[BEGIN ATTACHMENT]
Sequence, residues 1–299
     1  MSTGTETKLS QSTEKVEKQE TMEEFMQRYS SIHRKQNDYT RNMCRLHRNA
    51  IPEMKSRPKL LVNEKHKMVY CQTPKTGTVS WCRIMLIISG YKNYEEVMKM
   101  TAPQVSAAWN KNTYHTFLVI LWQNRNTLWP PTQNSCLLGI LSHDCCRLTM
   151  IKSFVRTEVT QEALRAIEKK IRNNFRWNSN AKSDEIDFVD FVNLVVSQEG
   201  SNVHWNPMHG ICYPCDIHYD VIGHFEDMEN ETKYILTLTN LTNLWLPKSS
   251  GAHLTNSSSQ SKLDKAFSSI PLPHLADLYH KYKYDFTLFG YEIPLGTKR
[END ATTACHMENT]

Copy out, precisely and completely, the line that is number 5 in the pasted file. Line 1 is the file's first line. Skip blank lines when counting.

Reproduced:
   151  IKSFVRTEVT QEALRAIEKK IRNNFRWNSN AKSDEIDFVD FVNLVVSQEG